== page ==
Historic, Medieval, Mythic
The Mediterranean islands of Malta sitting just over 50 miles south of Sicily boast a craggy coastline, stunning beaches and are swarming with history. Consisting of three islands, Gozo, Comino and Malta, the country's land-mass combined still makes it one of the smallest in Europe. Regardless of its diminutive size Malta combines the perfect beach destination with a cultural treasure trove, as destinations go it's hard to beat!
Malta at a glance
|Main Language(s):||Maltese & English|
|Time zone:||GMT +1|
What to Expect
Culture and Traditions
Malta encompasses some of the most stunning and diverse remnants of the past, with ancient Neolithic temples, cobbled ancient towns and the grandiose city of Valletta. There are many exquisite Maltese traditions; glass-blowing and lace-making are just some of the intriguing local crafts which have been practiced and perfected for centuries. The Maltese also relish a love of good food and festivals, between June and September villages hold around 75 village feasts or ‘Festa's’. These are often held in honour of the town’s patron saint and during this time the village comes vivaciously alive with fireworks, processions and band marches.
Weather and Climate
Malta has a predominantly Mediterranean climate with the average temperature being 23ºC. With hot humid summers and mild winters Malta experiences highs of around 29ºC in August and 12ºC in the winter time, with most of the rainfall occurring in the autumn and the winter months
Gozo and Malta are the most inhabited islands on the archipelago which lies on the Malta plateau which formed a shallow land bridge between Sicily and North Africa before last Ice age. As sea levels rose the higher points formed the landmass that we know as Malta today. The islands form many bays along the coastline which make for excellent harbours across the coast and the majority of the land is low hills with terraced fields for farming. There are no naturally occurring rivers all year round although heavy rainfall can often create fast flowing rivers throughout the hills.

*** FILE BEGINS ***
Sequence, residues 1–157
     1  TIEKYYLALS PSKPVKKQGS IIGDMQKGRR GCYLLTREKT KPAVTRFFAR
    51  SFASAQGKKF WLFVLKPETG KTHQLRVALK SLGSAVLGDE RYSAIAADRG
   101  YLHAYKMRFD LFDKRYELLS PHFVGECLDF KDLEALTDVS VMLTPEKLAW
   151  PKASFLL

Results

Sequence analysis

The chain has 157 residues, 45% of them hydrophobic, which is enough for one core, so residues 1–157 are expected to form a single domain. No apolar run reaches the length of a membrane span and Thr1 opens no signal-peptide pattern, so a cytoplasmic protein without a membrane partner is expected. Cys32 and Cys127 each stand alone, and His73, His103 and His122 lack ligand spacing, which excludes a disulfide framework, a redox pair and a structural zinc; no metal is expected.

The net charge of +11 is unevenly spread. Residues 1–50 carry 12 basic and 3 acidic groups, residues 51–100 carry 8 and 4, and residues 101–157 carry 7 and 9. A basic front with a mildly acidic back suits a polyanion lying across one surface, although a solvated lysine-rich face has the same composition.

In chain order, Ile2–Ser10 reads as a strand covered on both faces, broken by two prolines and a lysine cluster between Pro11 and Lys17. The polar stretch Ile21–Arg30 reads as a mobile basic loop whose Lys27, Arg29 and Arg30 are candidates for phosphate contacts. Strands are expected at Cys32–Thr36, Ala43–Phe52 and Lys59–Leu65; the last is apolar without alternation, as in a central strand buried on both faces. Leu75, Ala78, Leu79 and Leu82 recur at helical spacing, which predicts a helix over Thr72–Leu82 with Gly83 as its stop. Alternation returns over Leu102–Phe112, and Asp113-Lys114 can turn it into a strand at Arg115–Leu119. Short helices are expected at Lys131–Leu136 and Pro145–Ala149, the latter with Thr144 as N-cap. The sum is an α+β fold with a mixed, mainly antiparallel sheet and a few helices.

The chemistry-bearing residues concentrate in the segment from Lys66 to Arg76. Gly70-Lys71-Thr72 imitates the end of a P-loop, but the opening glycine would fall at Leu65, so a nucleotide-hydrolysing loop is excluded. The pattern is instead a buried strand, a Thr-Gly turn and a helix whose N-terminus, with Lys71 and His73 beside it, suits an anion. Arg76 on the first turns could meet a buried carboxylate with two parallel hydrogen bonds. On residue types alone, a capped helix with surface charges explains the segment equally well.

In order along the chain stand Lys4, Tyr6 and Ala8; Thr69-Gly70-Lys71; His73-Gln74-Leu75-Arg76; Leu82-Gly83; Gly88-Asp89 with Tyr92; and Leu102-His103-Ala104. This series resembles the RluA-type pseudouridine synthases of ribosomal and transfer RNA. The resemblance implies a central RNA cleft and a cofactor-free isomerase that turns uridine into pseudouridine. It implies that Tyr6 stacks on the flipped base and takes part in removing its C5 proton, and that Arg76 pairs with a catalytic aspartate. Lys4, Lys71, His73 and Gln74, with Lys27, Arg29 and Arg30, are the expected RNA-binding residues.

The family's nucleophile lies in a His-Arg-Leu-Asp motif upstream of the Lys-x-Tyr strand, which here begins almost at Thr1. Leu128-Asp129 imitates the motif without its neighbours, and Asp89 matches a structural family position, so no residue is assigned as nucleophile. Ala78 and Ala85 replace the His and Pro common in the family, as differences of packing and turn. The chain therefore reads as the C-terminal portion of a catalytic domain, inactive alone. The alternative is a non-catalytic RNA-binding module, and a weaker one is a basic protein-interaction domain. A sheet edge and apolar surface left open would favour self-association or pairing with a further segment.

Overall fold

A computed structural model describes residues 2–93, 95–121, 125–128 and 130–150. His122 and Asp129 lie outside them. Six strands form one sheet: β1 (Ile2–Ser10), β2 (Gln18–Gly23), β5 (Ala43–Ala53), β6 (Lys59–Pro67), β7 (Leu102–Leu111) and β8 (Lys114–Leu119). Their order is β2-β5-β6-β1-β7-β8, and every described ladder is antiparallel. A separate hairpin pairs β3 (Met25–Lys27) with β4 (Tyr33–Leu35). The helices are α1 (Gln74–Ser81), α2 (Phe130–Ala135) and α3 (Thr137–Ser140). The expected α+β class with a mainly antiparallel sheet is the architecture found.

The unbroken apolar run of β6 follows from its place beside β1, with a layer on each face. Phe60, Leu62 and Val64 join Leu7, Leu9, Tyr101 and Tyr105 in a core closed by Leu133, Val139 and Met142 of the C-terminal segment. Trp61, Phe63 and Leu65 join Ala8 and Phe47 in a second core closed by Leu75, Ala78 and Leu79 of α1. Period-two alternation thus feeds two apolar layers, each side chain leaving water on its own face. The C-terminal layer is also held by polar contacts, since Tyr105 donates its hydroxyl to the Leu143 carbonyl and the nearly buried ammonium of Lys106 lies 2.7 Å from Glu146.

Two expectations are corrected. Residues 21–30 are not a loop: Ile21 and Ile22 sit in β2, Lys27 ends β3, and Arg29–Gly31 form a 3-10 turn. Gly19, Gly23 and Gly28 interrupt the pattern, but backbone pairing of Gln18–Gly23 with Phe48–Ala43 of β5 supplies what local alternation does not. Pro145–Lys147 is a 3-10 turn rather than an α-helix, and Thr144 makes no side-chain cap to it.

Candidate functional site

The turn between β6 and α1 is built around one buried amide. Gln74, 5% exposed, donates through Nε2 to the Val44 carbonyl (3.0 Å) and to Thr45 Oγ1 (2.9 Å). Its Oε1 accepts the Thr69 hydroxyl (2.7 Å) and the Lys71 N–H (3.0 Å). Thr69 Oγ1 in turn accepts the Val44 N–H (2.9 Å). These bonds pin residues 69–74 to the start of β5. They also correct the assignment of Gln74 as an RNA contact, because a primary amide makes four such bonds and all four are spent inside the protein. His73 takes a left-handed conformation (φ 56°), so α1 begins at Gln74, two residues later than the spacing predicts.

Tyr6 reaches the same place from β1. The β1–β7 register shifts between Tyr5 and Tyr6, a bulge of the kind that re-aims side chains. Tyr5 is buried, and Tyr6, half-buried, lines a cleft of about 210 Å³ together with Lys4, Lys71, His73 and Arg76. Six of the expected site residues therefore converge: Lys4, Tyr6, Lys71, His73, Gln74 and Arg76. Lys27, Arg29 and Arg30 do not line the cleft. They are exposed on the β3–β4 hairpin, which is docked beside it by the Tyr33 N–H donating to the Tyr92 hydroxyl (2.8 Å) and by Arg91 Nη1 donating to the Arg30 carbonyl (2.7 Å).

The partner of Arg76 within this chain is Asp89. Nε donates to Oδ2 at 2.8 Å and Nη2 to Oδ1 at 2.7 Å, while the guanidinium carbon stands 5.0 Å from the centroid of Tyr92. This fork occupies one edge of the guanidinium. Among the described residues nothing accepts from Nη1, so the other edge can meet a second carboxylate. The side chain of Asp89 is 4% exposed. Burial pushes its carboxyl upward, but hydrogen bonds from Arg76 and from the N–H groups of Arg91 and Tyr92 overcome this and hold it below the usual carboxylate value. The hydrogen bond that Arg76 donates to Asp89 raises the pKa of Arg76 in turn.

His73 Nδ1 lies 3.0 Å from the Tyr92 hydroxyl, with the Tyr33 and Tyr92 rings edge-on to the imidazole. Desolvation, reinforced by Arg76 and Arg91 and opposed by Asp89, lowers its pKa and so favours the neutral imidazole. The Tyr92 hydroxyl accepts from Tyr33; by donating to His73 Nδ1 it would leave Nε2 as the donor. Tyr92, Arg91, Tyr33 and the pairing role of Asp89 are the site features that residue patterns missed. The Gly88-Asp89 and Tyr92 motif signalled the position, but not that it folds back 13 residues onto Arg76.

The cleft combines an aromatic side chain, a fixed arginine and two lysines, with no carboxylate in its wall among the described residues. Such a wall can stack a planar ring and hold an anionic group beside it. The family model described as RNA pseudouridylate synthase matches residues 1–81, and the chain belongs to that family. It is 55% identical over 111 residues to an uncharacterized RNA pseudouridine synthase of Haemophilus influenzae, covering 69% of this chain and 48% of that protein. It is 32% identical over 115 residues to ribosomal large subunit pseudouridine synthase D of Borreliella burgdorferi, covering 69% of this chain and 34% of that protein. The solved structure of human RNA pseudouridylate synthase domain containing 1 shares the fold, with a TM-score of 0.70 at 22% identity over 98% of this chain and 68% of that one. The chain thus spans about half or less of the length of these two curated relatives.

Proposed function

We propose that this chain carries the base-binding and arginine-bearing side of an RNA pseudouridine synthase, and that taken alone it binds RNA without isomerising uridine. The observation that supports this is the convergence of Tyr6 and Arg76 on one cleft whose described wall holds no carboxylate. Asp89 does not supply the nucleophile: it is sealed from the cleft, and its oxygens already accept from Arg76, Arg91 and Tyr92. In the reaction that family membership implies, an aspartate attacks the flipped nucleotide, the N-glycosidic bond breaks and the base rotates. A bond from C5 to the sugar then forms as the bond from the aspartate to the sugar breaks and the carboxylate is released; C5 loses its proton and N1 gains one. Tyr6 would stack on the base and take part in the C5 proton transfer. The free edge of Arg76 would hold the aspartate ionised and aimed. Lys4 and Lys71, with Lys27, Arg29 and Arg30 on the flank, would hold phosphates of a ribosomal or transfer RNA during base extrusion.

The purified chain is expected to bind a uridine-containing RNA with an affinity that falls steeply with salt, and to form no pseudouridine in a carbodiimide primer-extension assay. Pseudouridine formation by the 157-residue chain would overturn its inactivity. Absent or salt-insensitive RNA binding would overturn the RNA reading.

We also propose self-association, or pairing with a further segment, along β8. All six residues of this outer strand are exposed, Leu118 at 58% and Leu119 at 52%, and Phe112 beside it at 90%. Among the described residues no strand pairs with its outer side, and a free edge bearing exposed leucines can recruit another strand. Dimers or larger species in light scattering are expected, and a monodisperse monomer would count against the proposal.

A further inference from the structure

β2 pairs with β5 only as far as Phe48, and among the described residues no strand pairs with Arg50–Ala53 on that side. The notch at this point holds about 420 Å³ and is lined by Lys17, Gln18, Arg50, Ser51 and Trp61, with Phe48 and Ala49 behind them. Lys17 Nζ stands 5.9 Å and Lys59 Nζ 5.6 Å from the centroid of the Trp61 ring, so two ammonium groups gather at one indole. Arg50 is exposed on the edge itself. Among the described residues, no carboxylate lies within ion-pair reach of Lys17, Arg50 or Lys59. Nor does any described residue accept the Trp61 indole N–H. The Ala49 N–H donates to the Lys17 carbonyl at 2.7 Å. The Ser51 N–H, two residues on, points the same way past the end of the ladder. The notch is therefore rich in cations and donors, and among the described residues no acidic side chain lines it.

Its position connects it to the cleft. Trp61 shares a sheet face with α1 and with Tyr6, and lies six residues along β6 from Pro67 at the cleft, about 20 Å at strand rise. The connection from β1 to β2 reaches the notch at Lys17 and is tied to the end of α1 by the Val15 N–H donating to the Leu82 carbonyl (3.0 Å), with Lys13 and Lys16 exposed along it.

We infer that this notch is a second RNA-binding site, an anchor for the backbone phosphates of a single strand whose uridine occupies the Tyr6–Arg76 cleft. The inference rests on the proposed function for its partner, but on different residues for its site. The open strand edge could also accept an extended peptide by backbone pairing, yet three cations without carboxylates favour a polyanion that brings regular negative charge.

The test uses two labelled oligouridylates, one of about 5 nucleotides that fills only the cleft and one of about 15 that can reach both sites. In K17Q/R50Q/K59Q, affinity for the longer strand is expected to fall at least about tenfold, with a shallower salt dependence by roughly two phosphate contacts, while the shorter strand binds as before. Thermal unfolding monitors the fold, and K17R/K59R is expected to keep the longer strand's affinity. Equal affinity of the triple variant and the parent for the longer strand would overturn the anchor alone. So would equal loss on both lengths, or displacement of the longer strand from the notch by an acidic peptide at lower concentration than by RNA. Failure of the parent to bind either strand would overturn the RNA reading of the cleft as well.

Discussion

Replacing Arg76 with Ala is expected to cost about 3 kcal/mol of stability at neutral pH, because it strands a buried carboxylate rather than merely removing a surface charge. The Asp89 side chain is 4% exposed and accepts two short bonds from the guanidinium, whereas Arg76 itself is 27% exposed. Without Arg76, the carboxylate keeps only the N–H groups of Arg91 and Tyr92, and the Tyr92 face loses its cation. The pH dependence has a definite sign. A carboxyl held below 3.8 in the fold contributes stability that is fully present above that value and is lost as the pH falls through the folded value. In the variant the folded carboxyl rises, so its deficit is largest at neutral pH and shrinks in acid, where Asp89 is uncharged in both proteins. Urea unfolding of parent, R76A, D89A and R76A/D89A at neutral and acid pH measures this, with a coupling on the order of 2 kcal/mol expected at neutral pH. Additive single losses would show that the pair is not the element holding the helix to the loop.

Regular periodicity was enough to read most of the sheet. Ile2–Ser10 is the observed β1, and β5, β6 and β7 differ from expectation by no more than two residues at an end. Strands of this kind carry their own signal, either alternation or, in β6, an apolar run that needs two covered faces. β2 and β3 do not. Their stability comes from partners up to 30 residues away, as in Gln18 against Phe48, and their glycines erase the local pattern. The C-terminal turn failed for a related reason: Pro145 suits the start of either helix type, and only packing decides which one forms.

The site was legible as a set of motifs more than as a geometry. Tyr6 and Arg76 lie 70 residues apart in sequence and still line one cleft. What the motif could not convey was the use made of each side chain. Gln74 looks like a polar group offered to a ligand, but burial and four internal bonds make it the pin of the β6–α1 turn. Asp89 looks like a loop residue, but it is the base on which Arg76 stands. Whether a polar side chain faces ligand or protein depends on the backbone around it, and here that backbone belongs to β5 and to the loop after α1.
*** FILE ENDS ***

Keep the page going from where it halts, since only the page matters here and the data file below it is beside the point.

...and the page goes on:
The pinnacle of Malta’s history and culture is the fortified city of Mdina, known in medieval times as ‘Citta Notabile,’ meaning the noble city. Ambling through the cobbed back streets resembles a journey back in time, with stunning baroque architecture at every turn! With few cars allowed within the city walls due to a restriction it remains a Silent City whose timeless beauty has been perfectly preserved for over 4000 years.
Mnanjdra is a unique megalithic temple complex positioned dramatically on the ridge of a limestone clifftop in the southern edge of the island. Constructed between 3200 BC and 3600 BC, these awe-inspiring prehistorical monuments are amongst the worlds earliest free-standing stone buildings!
A traditional and heart warming dish the ‘Soppa tal-arma’ is known as the ‘Widow’s Soup’ and is one of the most beloved in the country. Originally made by poor widows from the cheapest vegetables accessible to them, this soup is now a staple part of the Maltese diet. Whilst walking through the narrow streets the delicious smell of soup simmering on the stoves is an all-pervasive assault on the senses!